New Writing on Contemporary Art with Kim Scott
Our Heart Land - a discussion on the Noongar painting Ngallak Koort Boodja
Co-presented by the Power Institute
Supported by the Copyright Agency Cultural Fund
The Power Institute and Sydney Ideas are proud to present a talk by writer Kim Scott. Scott’s is the second in a series of presentations supported by the Copyright Agency Cultural Fund, that sees some of Australia’s most prominent writers discuss and respond to inspiring works of contemporary Australian art.
In his presentation, Scott will discuss the spectacular canvas Ngallak Koort Boodja (detail), 2006. The artwork was created by Noongar artists and commissioned for the 2006 Perth International Arts Festival, with the title translating in Noongar language as ‘Our Heart Land’. Join us to hear Scott elaborate on the production of this important painting, providing further insight into processes of collaboration, creative nurturing and intercultural dialogue.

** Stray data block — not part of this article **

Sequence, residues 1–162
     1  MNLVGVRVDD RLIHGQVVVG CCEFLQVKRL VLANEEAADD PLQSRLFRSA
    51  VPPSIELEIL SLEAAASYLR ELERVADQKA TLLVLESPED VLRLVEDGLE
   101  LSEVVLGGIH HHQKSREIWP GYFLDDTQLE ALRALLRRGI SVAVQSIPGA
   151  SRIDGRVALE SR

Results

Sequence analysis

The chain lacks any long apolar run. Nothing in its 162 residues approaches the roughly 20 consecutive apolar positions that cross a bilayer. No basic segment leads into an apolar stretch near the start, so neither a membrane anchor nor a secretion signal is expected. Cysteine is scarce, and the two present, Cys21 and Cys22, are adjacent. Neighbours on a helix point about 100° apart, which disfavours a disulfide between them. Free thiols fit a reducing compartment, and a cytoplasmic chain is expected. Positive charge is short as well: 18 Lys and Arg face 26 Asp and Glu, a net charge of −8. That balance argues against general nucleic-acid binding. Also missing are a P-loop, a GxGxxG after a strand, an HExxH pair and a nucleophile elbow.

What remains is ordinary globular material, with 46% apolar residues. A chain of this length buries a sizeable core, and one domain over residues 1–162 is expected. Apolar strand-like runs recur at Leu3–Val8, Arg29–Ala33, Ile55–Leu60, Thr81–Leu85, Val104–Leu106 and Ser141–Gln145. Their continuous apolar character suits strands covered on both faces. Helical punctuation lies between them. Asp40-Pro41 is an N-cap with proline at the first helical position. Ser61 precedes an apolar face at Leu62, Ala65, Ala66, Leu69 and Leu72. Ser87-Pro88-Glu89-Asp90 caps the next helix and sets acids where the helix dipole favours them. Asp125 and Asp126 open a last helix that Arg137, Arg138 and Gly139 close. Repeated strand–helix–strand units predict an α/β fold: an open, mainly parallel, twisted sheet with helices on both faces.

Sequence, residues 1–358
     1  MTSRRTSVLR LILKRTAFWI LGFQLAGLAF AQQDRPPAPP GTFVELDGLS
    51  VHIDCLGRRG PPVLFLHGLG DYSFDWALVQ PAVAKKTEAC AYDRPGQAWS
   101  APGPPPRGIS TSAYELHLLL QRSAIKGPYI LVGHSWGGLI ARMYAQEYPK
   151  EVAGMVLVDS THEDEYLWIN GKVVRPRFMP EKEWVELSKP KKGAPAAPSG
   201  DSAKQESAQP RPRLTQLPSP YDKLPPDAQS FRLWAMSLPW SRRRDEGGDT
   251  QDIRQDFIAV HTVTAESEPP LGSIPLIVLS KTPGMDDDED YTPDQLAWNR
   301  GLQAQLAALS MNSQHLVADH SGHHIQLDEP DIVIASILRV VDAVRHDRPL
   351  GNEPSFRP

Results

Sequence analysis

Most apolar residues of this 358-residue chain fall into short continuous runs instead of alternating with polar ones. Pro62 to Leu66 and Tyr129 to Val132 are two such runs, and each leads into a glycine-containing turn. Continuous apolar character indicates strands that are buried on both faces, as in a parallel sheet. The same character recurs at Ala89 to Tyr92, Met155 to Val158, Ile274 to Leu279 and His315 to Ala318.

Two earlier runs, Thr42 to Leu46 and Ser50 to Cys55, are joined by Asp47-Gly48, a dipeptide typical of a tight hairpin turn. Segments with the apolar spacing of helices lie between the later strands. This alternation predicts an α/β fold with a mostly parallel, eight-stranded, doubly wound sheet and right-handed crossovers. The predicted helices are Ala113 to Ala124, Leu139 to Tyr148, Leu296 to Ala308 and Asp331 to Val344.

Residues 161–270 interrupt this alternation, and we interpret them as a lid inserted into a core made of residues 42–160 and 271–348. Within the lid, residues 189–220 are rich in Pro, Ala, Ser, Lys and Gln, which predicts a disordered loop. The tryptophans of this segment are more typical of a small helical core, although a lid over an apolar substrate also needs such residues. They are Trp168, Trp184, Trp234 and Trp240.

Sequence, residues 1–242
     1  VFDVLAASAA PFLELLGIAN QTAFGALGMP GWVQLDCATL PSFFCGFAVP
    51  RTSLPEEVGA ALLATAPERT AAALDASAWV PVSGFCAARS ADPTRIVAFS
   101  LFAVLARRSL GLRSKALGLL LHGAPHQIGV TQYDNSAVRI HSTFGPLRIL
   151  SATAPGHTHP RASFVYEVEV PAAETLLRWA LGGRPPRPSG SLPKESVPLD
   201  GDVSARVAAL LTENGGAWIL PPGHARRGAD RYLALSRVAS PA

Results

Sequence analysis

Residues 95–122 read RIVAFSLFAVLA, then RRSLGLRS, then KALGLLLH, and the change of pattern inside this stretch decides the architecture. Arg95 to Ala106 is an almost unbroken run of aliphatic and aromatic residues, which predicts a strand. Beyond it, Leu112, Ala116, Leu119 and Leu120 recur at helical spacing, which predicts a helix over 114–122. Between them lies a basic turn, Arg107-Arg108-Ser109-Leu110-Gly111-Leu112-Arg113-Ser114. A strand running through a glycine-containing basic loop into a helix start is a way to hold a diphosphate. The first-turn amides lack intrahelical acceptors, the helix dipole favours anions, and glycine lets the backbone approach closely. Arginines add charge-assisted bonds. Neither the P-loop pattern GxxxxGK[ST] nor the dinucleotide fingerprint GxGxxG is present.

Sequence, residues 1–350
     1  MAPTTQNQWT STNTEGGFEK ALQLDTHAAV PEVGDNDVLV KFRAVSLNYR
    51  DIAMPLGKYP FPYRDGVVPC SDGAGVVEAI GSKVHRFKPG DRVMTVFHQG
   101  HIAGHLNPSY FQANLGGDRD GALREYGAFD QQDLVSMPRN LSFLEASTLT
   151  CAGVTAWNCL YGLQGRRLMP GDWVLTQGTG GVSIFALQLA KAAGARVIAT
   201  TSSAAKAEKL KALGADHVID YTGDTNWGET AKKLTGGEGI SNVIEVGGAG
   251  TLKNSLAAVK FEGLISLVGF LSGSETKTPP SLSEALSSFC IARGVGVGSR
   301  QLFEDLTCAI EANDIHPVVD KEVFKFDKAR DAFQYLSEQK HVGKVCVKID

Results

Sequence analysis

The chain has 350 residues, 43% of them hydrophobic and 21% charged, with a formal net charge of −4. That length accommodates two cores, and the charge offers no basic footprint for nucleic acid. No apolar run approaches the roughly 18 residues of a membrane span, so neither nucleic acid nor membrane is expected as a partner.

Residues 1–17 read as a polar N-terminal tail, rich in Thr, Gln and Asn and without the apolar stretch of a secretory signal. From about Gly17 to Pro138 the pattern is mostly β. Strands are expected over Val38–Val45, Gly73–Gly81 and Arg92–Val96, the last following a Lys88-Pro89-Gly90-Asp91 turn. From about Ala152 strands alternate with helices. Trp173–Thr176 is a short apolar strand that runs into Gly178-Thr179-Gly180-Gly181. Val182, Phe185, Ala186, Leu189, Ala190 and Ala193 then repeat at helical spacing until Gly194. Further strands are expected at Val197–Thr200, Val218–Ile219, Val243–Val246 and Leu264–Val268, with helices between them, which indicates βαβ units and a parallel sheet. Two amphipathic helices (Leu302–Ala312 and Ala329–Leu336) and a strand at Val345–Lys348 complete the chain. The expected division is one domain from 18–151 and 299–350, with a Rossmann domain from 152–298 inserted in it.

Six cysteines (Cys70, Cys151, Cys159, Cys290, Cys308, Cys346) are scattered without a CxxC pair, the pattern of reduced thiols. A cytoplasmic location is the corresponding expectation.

Kim Scott is an Australian novelist of Indigenous Australian ancestry. Scott was born in Perth and began writing shortly after becoming a secondary school teacher of English. His first novel True Country was published in 1993. His second novel Benang won the 1999 Western Australian Premier's Book Awards, the 2000 Miles Franklin Award and the 2001 RAKA Kate Challis Award. Both novels were influenced by research in to his family history and personal experience. The themes of these novels have been described as exploring the problem of self-identity faced by light-skinned Aboriginal people and the government's assimilationist policies during the first decades of the twentieth century. His 2005 book Kayang and Me was written in collaboration with his aunt and Noongar elder, Hazel Brown. The work is a monumental oral-based history of the author’s family and the south coast Noongar people of Western Australia. His latest novel That Deadman Dance (Picador, 2010) explores the lively fascination felt between Noongar, British colonists and American whalers in the early years of the nineteenth century. In 2011 Scott won both the Miles Franklin Award and the Victorian Premier's Prize for the novel. Scott is currently Professor of Writing in the School of Media, Culture and Creative Arts at Curtin University.